Does anyone else feel tired of hearing the same-old same old? Does anyone else feel like they’re doing nothing but repeating themselves?
I went to a talk on Tuesday night. It was about a group of Irish people who are being denied a basic right by the Irish state. It is a right which is enjoyed in the vast majority of other European states. The denial of this right was condemned in court years ago. The government, though, has put off legislating on it. Every so often they tell us that legislation is just around the corner. There’ve been consultations and committees and the like for years, but nothing ever seems to come of it. They claim that the issue is complicated and needs expert groups, but don’t seem to listen to the people directly affected by it. In the meantime, being denied this right feels to many like the state interfering in one of the most essential and private things in a person’s life. Those in opposition to this right, however, tend to see it being introduced as a disgrace and an abomination. Their reasons are often based either on religious belief or a lack of understanding of the research around the area. They frequently mischaracterise those looking for this right as childish and frivolous at best, and dangerous and predatory at worst. Those in need of it, on the other hand, say that they’re just needing to have their country recognise that they have the right to choose the course of their own lives.
I’m referring, of course, to the lack of gender recognition legislation in Ireland. Maybe tomorrow I’ll post exactly the same thing about abortion. Maybe next week I’ll change around a few words and talk about immigration. I’m sure that with a quick scan of the morning papers I can come up with something else it’ll fit.
On the one hand, this makes going to demonstrations really easy- you can double up on signs and it’s a cinch to come up with slogans. But, although demos are a great place to meet up with the usual suspects and one of the few times it’s socially acceptable to shout at the top of your voice in public, I’d really prefer having to arrange my social life around something else. I’d be okay with that. I’d take having to find things to see at the cinema or work out what people actually fancy doing of an evening if it meant I was living in a country that respected people’s body sovereignty and right to self-determination.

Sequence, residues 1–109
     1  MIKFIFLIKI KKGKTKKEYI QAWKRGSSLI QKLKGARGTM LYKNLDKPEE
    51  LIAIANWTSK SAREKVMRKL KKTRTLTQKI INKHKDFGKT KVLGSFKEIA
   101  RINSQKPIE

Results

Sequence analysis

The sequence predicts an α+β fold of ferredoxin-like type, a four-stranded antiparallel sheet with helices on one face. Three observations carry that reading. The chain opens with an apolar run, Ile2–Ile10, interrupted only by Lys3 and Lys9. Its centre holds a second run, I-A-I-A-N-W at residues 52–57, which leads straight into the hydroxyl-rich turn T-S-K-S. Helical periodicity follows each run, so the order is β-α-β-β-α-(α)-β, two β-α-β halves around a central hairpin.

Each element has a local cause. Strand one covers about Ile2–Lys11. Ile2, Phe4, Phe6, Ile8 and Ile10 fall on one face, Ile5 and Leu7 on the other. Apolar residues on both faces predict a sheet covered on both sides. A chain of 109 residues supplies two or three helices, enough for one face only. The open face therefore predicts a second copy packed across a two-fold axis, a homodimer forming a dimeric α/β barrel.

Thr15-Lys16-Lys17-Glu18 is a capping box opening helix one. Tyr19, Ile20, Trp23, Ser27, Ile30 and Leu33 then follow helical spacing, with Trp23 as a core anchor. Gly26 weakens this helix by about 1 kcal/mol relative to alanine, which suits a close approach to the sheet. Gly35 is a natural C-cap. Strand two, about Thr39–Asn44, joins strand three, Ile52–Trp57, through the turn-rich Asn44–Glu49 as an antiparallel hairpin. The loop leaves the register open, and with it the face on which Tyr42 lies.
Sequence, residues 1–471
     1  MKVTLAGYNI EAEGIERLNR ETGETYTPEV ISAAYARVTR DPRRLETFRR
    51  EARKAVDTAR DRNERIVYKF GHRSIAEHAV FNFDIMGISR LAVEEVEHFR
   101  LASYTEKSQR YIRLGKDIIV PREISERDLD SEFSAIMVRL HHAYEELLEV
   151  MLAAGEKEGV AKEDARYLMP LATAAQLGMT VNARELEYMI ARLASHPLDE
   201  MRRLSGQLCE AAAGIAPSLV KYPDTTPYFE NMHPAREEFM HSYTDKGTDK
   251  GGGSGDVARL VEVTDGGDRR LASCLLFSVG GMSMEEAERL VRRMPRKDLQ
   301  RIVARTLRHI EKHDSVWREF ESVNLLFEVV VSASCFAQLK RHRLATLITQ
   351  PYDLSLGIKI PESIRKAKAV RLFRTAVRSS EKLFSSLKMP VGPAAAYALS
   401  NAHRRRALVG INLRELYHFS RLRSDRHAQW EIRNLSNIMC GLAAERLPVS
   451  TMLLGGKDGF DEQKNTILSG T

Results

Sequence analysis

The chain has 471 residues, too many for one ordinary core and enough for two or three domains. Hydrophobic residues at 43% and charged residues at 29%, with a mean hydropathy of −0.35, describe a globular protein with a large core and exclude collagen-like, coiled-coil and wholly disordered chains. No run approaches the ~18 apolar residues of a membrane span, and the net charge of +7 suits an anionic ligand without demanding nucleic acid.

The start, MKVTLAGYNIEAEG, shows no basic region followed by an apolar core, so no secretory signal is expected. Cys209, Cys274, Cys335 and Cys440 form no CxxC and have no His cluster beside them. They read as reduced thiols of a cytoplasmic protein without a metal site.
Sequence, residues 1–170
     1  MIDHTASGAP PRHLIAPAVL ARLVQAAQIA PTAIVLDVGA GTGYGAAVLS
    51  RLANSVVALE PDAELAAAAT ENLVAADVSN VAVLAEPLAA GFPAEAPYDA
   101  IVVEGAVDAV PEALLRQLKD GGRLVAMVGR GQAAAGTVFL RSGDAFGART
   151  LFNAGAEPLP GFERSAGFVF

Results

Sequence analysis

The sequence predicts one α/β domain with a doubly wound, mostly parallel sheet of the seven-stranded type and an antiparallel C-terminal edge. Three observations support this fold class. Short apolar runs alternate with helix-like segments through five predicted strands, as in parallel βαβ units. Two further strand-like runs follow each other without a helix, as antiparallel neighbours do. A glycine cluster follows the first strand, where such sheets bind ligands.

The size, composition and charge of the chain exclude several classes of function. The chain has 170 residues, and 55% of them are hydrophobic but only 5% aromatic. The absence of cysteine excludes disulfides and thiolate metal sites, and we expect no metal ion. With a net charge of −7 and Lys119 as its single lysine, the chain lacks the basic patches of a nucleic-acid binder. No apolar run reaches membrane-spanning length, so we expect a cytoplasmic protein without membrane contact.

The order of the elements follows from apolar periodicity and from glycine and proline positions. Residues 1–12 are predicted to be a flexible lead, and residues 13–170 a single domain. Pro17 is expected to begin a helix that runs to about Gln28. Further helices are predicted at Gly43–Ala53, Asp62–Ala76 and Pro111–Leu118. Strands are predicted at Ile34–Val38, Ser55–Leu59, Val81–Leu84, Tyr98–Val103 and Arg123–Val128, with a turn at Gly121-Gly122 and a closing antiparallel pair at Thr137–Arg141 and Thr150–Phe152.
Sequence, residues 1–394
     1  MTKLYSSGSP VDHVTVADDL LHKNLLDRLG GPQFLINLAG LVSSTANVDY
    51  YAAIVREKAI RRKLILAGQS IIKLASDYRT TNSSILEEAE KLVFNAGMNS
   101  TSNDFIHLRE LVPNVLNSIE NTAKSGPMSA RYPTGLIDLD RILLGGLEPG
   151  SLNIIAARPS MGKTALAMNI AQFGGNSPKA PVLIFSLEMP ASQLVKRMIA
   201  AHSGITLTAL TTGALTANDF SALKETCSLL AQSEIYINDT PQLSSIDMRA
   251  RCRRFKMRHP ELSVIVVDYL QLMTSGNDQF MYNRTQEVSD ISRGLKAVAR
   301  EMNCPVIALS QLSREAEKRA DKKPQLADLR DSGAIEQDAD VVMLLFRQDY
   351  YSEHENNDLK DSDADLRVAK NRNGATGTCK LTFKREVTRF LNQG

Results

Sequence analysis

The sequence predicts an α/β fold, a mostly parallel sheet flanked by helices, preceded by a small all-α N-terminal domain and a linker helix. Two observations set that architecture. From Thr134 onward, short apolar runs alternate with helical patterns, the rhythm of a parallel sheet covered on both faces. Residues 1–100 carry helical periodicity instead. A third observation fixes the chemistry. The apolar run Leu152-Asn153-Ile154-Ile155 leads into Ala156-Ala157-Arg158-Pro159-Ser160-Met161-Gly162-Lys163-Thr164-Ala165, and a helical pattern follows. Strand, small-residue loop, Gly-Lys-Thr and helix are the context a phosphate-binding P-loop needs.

Instead, we live with that ever-so-Irish response to a problem- ignore it. Ignore it until it’s no longer my problem. Pretend that the people affected by it don’t matter. Promise to deal with it next year and be ever so busy with something else every time someone asks about it. If you’re lucky, you’ll be retired before it comes to a head.
It’s funny. In this country we always hear that it’s the ordinary citizens who are apathetic. We hear that we don’t do anything, and that we should be up protesting against.. whatever it is that is screwed-up this week. It’s funny, because I haven’t seen much apathy here. I’ve seen people working, talking, sharing, protesting, demonstrating, writing letters and articles, discussing and educating. I see that all the damn time. I see people doing that despite all the other commitments in their lives. It doesn’t seem to me that people are apathetic. It seems to me that people aren’t being listened to.
- Memory, Memorials and The Gathering (irishamericancivilwar.com)
- I am ashamed that Ireland’s medieval abortion law still stands | Emer O’Toole (guardian.co.uk)
- Irish People say No More!….. (awakenlongford.wordpress.com)
- Ireland in desperate need of its own set of secular morals and ethics? (sluggerotoole.com)
- Ireland’s Medieval Abortion Law on Liveline (insideview.ie)
- Pushed Through The Cracks: Transgender Lives And Deaths On The Day Of Remembrance (thinkprogress.org)
- Europe has still a long way to go to combat violence against transgender people (dokmz.wordpress.com)
- Guest Post: Rally for Recognition: Identity, NOT Disorder (mamanpoulet.com)
- No timetable for legislation on gender recognition - (misebogland.wordpress.com)